Know all about good stress and bad stress dur­ing preg­nancy

Mother & Baby - - CONTENTS -

When a woman is ex­pect­ing a baby, every­one around her tells her that she would now need to be happy and re­laxed. The con­cept is that she is car­ry­ing a child and the lit­tle child should not be ex­posed to un­due stress. This is an age-old be­lief in our coun­try, and, many of us dis­miss this as an old wives tale, but there is some re­al­ity in this too. Did you know that the ear­li­est brain­wave ac­tiv­ity has been seen in a foe­tus as early as day 21 of con­cep­tion? Well, that’s true and even though your baby may not be hear­ing or un­der­stand­ing what is hap­pen­ing around him out­side the womb, the baby can ac­tu­ally form some mem­o­ries which then be­come a part of his life in the years to come. Stress in­creases the pro­duc­tion of the hor­mone cor­ti­sol and this is also flow­ing to your un­born child. Hence, it is im­por­tant to en­sure that you re­move those stressors from your life. Does this re­ally mean that I have to start liv­ing like a her­mit? Well, not re­ally. There is al­ways good stress and bad stress. Good stress is the stress of achieve­ment, it is goal ori­ented, and it makes your heart beat in a good way. So if you have this amaz­ing as­sign­ment and a killer dead­line to go with it but it makes your heart sing, then go for it. This is good stress. But if some­thing is both­er­ing and nig­gling you to the point of dis­trac­tion and mak­ing you feel un­com­fort­able then this is bad stress and you should work at re­mov­ing this from your life. A few years ago, I had a young cou­ple in my pre­na­tal class. The mum was quiet in the be­gin­ning but as we worked to­gether over the weeks she started open­ing up. She shared fam­ily is­sues that were both­er­ing her and mak­ing her feel very up­set. She was un­able to open up to her hus­band and our ses­sions be­came a vent­ing ground for her. She felt re­laxed and happy and thought that at least for those few hours, she could share her con­cerns with some­one with­out be­ing judged. To­wards the end of her preg­nancy, she came in and men­tioned that her doc­tor was go­ing to sched­ule a sur­gi­cal birth be­cause the baby was in a breech po­si­tion. Un­der­stand­ably, this kind of de­liv­ery can­not be vagi­nal as it poses a risk to the baby. Some­thing told me that I could do some­thing about this and that evening, I made a phone call to her hus­band. I sug­gested a va­ca­tion away from home. He was very ap­pre­hen­sive as they were al­ready 37 weeks along, and go­ing far would be a chal­lenge and of course, not per­mit­ted by the doc­tor. I also agreed that go­ing away from the city did not make sense, but how about check­ing in to a nearby five-star ho­tel for a few days? Just a short baby­moon? He ac­cepted the idea and I was thrilled that he trusted me enough to not ask more ques­tions. They did take that baby­moon, and to every­one’s sur­prise at the next doc­tor’s visit, the baby had turned into a head down po­si­tion. Now I am not say­ing that this is the so­lu­tion for ev­ery breech baby but hon­estly, it shows that stress can even make the baby re­sist nat­u­ral pro­cesses in the womb. It has a deeper im­pact than we ac­tu­ally un­der­stand. It is re­ally dif­fi­cult to say I am go­ing to be re­laxed and stress-free for the next nine months but you can work on this one day at a time. Plan ac­tiv­i­ties that you en­joy, meet with fam­ily and friends, spend time with your hus­band, pam­per your­self. It is im­por­tant to do things that give you plea­sure and which put a smile on your face.Try and build in some gen­tle ex­er­cises in your day. Ex­er­cise is a great stress buster which can help you re­lax and feel more pos­i­tive. Do check with your doc­tor be­fore you be­gin and I would surely rec­om­mend join­ing a cer­ti­fied trainer for the class so that you can ex­er­cise safely. For my work­ing moms, if you feel that your day is over­com­ing you, just close your eyes, take a few deep breaths, calm your­self and then get back to the task on hand. This can ac­tu­ally work for every­one. Med­i­ta­tion does not mean that you have to spend hours in a quiet state, at times even a few deep calm­ing breaths is med­i­ta­tion. Re­mem­ber, happy mums, make for happy ba­bies.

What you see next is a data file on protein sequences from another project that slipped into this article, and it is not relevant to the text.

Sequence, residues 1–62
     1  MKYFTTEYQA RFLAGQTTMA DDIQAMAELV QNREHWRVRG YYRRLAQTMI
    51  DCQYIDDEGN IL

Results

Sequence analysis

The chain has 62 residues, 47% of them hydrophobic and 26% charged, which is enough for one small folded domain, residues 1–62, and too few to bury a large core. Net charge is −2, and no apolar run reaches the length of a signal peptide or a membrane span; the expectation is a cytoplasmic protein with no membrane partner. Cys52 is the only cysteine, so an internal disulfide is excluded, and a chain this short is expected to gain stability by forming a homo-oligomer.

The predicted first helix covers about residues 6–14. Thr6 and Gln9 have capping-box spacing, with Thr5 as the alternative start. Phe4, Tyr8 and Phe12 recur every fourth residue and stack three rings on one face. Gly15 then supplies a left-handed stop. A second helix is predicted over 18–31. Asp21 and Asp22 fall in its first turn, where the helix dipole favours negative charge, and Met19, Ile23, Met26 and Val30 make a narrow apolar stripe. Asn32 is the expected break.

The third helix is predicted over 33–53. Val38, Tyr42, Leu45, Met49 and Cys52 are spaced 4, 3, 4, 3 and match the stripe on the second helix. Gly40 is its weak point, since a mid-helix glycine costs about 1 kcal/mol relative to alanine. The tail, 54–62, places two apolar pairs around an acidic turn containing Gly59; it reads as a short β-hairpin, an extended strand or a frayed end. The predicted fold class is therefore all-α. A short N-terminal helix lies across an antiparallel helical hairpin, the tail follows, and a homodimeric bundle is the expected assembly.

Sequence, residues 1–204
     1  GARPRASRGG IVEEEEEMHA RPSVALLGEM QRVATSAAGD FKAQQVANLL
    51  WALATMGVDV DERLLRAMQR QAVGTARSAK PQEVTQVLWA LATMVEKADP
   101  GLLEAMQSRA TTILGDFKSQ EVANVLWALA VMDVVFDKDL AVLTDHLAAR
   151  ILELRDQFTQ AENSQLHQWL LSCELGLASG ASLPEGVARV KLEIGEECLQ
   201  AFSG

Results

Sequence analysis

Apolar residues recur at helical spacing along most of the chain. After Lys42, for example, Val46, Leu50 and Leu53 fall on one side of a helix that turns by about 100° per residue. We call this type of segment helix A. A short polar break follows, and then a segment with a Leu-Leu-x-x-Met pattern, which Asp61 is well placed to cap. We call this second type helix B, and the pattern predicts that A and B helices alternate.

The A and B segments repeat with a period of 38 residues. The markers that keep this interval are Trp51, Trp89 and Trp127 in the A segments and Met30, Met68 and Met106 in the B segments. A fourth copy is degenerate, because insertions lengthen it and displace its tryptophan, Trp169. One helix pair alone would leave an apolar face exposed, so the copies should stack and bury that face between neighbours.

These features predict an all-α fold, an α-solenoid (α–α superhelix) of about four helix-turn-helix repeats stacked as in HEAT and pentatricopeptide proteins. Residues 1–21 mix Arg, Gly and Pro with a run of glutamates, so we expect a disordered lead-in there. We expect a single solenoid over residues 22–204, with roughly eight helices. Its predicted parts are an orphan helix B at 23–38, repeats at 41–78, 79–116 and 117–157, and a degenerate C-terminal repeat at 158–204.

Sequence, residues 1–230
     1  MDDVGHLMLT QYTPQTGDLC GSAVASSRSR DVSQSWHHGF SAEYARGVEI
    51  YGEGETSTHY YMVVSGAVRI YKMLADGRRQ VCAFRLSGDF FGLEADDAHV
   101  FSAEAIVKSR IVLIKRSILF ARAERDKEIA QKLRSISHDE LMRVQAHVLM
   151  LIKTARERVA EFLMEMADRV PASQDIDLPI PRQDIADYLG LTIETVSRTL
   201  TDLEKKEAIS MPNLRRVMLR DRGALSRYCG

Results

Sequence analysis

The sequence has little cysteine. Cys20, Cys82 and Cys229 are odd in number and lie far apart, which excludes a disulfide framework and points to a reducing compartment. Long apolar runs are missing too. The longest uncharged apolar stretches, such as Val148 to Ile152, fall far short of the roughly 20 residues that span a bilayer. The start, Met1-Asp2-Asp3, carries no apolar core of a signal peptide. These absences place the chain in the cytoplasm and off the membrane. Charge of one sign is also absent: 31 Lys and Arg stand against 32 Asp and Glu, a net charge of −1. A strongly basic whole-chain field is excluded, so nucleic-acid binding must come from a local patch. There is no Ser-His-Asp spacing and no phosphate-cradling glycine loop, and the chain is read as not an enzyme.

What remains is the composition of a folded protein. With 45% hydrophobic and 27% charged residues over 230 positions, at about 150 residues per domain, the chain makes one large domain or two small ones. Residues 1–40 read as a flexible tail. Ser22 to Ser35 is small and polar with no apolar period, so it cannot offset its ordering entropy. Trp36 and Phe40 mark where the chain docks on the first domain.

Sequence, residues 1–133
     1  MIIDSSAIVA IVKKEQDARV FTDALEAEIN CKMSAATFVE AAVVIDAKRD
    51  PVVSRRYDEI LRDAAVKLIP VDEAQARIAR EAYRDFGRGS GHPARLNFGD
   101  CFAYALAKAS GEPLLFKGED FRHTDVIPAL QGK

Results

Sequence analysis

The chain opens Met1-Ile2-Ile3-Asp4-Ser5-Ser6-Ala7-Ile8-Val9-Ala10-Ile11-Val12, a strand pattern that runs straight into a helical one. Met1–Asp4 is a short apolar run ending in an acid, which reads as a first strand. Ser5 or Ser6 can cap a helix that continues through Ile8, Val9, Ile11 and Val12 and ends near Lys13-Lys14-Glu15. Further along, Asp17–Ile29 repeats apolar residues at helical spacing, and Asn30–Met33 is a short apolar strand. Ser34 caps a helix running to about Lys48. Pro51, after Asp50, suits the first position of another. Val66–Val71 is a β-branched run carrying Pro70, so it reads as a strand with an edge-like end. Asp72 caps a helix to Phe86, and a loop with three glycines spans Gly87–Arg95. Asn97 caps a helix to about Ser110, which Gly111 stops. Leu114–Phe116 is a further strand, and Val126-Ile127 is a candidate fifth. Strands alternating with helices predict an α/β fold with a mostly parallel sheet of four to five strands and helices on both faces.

M&B’s panel­list Son­ali Shivlani is an In­ter­na­tion­ally Cer­ti­fied Preg­nancy Con­sul­tant and a child nu­tri­tion coun­sel­lor. She is the ex­ec­u­tive di­rec­tor of CAPPA In­dia, and also trains as­pir­ing birth pro­fes­sion­als to achieve cer­ti­fi­ca­tion in preg­nancy, birth and lac­ta­tion coun­selling.

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